Year in review: My favourite books of 2022

Good god, mid-December! How did this happen? Who’s responsible?

One saving grace of the end of the year is lists! I love lists of people’s favourite movies and music and books and such. For the second year in a row, I was invited to take part in the New Zealand Listener magazine’s Best Books issue, picking a handful of books to go in the big ol’ pile of recommendations they publish.

The Best Books of 2022 issue of Nov. 27 came and went while I was running around in America and getting Covid and such, but if you’re in New Zealand you might still be able to find it in scattered newsstands and libraries, and it’s always worth a read.

For posterity’s sake, here’s the books I sent in as my own picks for the year’s best reading!

FICTION: Sea of Tranquility, Emily St. John Mandel – The first great COVID-19 novel as well as an unforgettable meditation on life, time and fate. 

Devil House, John Darnielle – A novel that starts as an investigation into occult murders that becomes something deeper and stranger. The movie Zodiac meets Lovecraft.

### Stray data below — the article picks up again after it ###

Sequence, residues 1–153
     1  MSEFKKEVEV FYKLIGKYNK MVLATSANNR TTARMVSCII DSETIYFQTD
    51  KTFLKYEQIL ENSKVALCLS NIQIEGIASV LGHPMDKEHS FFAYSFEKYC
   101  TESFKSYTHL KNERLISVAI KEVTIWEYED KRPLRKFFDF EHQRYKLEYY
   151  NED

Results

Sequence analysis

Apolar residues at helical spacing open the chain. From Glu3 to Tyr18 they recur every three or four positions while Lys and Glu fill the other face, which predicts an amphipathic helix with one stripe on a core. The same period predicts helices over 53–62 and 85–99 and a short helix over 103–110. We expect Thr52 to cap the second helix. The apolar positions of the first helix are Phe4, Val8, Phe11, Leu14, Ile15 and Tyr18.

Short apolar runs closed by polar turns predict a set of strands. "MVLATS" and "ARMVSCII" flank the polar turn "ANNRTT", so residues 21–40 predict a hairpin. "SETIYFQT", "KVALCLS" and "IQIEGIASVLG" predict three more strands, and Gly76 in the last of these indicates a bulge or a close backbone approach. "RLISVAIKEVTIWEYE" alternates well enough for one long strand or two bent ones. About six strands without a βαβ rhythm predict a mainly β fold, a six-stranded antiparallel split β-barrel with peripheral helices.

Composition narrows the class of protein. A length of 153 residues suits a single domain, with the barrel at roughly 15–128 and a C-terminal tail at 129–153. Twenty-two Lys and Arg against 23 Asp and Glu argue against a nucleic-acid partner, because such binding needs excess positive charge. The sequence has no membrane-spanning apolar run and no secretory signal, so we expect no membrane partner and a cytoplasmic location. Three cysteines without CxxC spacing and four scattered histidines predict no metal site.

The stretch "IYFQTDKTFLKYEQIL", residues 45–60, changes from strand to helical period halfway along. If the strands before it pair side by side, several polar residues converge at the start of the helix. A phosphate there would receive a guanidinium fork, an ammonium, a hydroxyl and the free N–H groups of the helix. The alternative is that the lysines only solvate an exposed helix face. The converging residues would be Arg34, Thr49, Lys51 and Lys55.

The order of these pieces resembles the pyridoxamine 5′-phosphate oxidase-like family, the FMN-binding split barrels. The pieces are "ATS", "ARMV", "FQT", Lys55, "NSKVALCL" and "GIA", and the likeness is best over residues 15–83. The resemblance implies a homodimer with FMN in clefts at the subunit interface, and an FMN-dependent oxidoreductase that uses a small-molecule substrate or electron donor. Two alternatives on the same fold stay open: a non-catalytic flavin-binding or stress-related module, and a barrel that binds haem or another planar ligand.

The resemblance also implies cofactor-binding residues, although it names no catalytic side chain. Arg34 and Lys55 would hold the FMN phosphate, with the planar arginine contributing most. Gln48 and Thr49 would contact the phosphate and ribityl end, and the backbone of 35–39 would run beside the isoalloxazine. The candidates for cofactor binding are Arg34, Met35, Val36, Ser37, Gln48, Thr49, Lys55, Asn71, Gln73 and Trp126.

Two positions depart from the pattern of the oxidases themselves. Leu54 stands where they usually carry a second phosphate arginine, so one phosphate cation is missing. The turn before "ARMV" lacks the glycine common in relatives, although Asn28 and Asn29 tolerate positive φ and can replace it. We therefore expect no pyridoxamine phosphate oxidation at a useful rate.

Heat 2 – Michael Mann and Meg Gardiner – A written sequel and prequel to a 30-year old crime epic movie shouldn’t work, but this does, exceedingly well. A cracking thriller. 

NONFICTION: Grand, Noelle McCarthy – This comic and pained Irish kiwi’s memoir about battling alcoholism, family demons and moving to the other side of the world feels just right in a time when so many of us are mourning the changes and loss in the last few years. 

The Nineties, Chuck Klosterman – A snarky, critical examination of a decade that you can both agree with and argue about. I’ve actually warmed to this more than my initially ambivalent review may have made it seem, and it’s truly peak Klosterman, witty and amusingly scattered.

Buster Keaton – A Filmmaker’s Life, James Curtis – The greatest of silent film stars gets the epic biography he richly deserves. Thorough, revelatory and a fascinating look at cinema from a century ago.

Plus! Bonus book! A bit too late for me to include on that list is a book I’ve written a review of for this week’s Listener magazine (Dec. 17-23 2022), maritime archaeologist Mensun Bound’s book The Ship Beneath The Ice. It’s the fascinating account of his discovery earlier this year of the wreck of Ernest Shackleton’s Endurance deep beneath the Antarctic ice a century after the doomed South Pole expedition. It’s a darn good read and if you’re lucky enough to be in NZ, you can still find the issue my review is in at all the usual places.

Author: nik dirga

I'm an American journalist who has lived in New Zealand for more than a decade now.

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